Oh, I don't know... Ever used headphones? [wikipedia.org]

    How about at least some power [wikipedia.org] connectors? [phidgets.com]

    I can't even imagine it being easier to manufacture this little square thing than to manufacture something, you know, round like that.

  • Re:Embossing (Score:3, Informative)

    by rcw-home (122017) on Thursday August 14, 2008 @11:42AM (#24600163)

    Seriously, how many connectors out there do you know of that let you plug it in any way you feel like?

    For starters, my car keys.

    It can be done, but it requires duplicating contacts in an axially-symmetric way.

    I would have been happy with a trapezoidal or semicircular connector.

  • Re:USB? Bah. (Score:3, Informative)

    by larkost (79011) on Thursday August 14, 2008 @11:47AM (#24600255)

    It is not just the dependance on the processor that makes the "slower" FireWire 400 beat out USB 2.0 (the fast one... whatever they are calling that today). A rough outline:

    1) FireWire allows devices to allocate a specific slice of time to their needs for a period of time. This slice of time can then be used exclusivly by the device to transmit that round of data. This keeps devices from interupting the flow durring those periods. USB has a part-way analog to this, but it is not nearly as efficent.

    2) FireWire allows any device to talk to any other without requiring a CPU's intervention. So if you are transfering from on HD to another connected via FireWire the data never has to flow thorugh the CPU (unlike on USB).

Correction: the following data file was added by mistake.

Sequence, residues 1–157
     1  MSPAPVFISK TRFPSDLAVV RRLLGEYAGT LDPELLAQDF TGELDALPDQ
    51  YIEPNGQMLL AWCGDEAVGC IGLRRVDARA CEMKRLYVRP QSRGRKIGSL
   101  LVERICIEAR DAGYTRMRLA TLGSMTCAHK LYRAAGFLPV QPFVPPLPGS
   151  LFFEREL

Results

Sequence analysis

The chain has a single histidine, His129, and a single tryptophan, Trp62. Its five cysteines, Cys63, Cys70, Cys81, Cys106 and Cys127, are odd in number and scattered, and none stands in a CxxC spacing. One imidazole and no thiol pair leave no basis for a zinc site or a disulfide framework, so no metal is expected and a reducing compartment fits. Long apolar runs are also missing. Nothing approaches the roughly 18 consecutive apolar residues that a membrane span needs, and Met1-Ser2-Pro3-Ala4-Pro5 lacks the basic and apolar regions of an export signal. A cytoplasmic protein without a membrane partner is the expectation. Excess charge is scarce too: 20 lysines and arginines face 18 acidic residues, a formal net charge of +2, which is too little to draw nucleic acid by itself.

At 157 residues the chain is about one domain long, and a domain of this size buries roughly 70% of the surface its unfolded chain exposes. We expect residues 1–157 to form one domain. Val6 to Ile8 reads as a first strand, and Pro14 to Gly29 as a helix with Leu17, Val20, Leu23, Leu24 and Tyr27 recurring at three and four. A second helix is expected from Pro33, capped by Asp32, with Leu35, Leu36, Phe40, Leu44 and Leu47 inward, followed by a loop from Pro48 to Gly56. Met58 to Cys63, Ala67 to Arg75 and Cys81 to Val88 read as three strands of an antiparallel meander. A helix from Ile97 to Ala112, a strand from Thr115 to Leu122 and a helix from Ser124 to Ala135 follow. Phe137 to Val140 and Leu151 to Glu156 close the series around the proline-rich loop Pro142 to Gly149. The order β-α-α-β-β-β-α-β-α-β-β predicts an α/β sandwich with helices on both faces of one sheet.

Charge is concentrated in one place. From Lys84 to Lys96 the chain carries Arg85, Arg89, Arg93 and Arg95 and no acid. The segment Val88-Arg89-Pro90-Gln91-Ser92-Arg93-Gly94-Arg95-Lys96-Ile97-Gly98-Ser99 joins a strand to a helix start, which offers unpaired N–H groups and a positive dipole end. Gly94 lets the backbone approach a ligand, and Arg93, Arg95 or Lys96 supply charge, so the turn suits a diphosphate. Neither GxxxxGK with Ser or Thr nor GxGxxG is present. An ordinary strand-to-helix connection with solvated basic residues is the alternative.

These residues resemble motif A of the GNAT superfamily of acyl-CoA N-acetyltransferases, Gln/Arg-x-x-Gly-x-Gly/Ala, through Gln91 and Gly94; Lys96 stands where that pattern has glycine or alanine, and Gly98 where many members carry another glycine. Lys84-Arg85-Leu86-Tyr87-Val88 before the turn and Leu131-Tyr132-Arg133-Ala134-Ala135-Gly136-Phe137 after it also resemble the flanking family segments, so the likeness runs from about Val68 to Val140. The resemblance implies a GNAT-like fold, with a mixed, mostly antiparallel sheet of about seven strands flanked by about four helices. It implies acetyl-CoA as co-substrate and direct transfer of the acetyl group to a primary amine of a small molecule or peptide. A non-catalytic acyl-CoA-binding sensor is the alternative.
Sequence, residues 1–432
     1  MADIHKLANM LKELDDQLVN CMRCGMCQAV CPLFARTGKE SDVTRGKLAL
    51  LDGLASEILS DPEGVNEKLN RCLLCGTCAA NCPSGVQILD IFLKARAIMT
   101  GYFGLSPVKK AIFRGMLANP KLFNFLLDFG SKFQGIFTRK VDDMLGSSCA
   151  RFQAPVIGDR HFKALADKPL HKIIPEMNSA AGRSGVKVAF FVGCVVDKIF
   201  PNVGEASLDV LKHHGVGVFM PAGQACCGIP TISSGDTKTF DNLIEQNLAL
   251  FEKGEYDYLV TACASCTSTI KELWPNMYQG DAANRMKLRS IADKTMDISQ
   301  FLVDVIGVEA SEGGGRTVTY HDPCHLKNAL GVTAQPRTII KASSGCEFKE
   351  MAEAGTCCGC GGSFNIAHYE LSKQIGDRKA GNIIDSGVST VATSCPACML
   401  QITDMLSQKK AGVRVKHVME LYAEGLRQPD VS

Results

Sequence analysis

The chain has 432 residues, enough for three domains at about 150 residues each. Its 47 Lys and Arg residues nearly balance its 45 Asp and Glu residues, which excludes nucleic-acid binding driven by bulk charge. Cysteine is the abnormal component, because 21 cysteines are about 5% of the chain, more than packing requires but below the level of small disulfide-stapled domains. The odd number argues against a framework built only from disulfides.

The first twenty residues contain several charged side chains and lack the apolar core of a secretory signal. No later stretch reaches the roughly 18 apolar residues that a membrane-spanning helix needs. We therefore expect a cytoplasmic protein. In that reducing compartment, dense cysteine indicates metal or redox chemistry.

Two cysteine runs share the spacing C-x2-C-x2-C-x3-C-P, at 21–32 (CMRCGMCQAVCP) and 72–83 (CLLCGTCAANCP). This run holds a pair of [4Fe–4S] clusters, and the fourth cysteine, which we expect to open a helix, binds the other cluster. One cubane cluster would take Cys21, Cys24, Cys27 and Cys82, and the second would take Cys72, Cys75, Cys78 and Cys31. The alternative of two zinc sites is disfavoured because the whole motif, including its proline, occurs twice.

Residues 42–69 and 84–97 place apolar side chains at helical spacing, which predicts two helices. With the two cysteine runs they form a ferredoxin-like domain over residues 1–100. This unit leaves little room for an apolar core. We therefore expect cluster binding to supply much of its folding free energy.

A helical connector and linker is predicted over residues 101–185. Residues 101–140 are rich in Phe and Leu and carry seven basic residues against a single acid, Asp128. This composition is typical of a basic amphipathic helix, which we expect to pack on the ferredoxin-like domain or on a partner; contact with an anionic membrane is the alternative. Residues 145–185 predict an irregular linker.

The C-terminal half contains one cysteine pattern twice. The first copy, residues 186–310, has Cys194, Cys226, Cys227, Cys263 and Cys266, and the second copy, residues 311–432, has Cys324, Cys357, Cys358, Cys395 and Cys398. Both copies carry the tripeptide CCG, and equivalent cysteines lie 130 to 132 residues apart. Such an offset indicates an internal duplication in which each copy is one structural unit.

3) FireWire has explicit support for DMA (direct memory access), so when transfering data to and from an internal HD the CPU only has to grant access to the bits on disk and the FireWire support chips can handle streaming the data from one storage device to the other (like #2, but lightly different).

    4) Latency can be gaurenteeded through a mechanism in the time-slice arbitration system. So audio devices can have the guaranteed chanels. On USB it is a constant fight... that does not work for music devices if you start loading up the USB system. This works well with the DMA thing, so even if your CPU is busy at the moment it does not have to make the context switch before accepting the data.

    Most of these differences are inherint in the basic design of the two protocols. And they cause the FireWire bridge chips to be significaly more expensive (still we are talking a mater of a dollar or two). I have not heard any good analasis of USB 3 yet (since the spec just came out), but I suspect that USB 3.0 will still be saddled with the legacy of USB 1.0 (which was designed with mice an keyboards in mind... everything else seems to have been showhorned in).

  • Re:Sigh (Score:3, Informative)

    by j-cloth (862412) on Thursday August 14, 2008 @11:54AM (#24600367)
    USB hot plugs just fine... you put a device in and it works, you yank it out and it disappears. The "Safely remove hardware" bit is because the OS (and more specifically the file system if it's a disk) needs to do some work before a device goes bye bye.
  • Re:Sigh (Score:3, Informative)

    by mortonda (5175) on Thursday August 14, 2008 @12:32PM (#24600983)

    You forgot the step where you realized you stuck the USB connector into the ethernet slot. It fits, I kid you not.

  • Re:Embossing (Score:2, Informative)

    by krazytekn0 (1069802) on Thursday August 14, 2008 @05:46PM (#24606627) Homepage Journal
    Anyone with a macbook look at your magsafe plug for an illustration of this.